Ancient Monuments

History on the Ground

This site is entirely user-supported. See how you can help.

Skenfrith Castle

A Scheduled Monument in Llangattock-Vibon-Avel (Llangatwg Feibion Afel), Monmouthshire (Sir Fynwy)

We don't have any photos of this monument yet. Why don't you be the first to send us one?

Upload Photo »

Approximate Location Map
Large Map »

If Google Street View is available, the image is from the best available vantage point looking, if possible, towards the location of the monument. Where it is not available, the satellite view is shown instead.


Latitude: 51.8787 / 51°52'43"N

Longitude: -2.7905 / 2°47'25"W

OS Eastings: 345679

OS Northings: 220309

OS Grid: SO456203

Mapcode National: GBR FH.RSHR

Mapcode Global: VH794.L14M

Entry Name: Skenfrith Castle

Scheduled Date:

Source: Cadw

Source ID: 586

Cadw Legacy ID: MM088

Schedule Class: Defence

Category: Castle

Period: Medieval

County: Monmouthshire (Sir Fynwy)

Community: Llangattock-Vibon-Avel (Llangatwg Feibion Afel)

Traditional County: Monmouthshire


The monument consists of the remains of a castle, dating to the medieval period. Skenfrith is one of the Three Castles (with White Castle (MM006) and Grosmont Castle (MM007)) and was probably built around 1070 by William Fitz Osbern. The orignal castle would have been of earth and timber construction surrounded by a deep defensive ditch and with a stone built-keep. Evidence for these features has been found through excavation. All of the visible castle structures were built by Hubert de Burgh between 1219 and 1232, at the same time as he was rebuilding Grosmont Castle. He built the curtain wall around a roughly rectangular area within which he built the central round tower and ranges of living quarters. The western living quarters retain original architectural details such as iron bars set into windows and shutter hinges. On the outer side of the curtain wall rectangular holes to hold beams that supported wooden fighting galleries can be seen, and the castle would have originally been surrounded by a deep moat. The final phase of building at the castle was the addition of a semi-circular tower mid-way along the south-western wall. This was built sometime in the later 13th century and may have been the work of Lord Edward, Henry III's eldest son and later Edward I, when he owned Skenfrith.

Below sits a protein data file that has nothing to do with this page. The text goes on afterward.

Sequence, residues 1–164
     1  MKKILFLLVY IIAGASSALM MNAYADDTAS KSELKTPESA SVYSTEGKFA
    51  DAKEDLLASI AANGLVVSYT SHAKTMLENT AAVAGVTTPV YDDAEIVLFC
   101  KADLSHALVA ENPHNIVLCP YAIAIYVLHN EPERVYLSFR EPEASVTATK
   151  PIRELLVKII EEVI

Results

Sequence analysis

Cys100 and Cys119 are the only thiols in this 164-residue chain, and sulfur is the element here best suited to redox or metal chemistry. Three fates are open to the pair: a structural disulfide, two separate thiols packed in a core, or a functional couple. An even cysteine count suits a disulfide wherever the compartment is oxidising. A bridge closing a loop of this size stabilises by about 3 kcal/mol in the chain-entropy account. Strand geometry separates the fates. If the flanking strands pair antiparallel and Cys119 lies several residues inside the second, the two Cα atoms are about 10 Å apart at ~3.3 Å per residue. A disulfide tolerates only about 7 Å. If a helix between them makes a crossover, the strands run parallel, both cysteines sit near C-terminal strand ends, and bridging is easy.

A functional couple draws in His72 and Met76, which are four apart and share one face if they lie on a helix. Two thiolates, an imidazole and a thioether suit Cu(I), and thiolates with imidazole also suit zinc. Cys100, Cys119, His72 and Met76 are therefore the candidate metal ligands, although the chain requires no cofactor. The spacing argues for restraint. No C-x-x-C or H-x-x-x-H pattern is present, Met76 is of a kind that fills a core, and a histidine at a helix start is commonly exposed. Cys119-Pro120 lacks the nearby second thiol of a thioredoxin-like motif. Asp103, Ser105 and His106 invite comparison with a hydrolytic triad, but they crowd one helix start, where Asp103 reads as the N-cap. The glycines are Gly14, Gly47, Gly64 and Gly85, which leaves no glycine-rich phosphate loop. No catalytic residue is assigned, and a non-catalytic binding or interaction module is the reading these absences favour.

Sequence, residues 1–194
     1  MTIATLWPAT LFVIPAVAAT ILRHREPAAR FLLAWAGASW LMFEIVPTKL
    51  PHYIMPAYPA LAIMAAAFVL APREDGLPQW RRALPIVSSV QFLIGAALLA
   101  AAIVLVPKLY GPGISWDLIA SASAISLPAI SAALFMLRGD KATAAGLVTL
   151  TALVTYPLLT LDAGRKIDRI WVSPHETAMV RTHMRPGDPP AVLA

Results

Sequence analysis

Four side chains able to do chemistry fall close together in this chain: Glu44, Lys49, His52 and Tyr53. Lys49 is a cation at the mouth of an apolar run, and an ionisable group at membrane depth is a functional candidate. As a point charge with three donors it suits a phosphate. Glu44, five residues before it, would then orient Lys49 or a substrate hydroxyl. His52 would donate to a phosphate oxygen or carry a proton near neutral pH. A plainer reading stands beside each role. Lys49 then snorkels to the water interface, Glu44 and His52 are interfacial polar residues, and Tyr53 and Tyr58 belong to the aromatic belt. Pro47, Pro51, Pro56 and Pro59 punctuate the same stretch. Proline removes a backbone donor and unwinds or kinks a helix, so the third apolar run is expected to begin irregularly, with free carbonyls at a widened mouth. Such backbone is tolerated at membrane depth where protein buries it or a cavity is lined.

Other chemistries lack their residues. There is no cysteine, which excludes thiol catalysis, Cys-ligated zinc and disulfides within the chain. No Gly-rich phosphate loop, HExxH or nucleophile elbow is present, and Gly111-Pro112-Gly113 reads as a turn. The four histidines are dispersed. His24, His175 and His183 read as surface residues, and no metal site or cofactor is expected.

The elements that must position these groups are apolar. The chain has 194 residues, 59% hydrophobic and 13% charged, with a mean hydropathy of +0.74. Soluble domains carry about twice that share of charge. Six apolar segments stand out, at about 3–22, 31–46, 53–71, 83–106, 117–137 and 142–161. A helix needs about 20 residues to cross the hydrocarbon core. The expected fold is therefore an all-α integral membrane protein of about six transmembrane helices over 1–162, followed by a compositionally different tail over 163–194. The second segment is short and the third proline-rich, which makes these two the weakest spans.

The monument is of national importance for its potential to enhance our knowledge of medieval defensive practices. The monument is well-preserved and an important relic of the medieval landscape. It retains significant archaeological potential, with a strong probability of the presence of both structural evidence and intact associated deposits.

The scheduled area comprises the remains described and areas around them within which related evidence may be expected to survive.

Source: Cadw

Other nearby scheduled monuments is an independent online resource and is not associated with any government department. All government data published here is used under licence. Please do not contact for any queries related to any individual ancient or schedued monument, planning permission related to scheduled monuments or the scheduling process itself. is a Good Stuff website.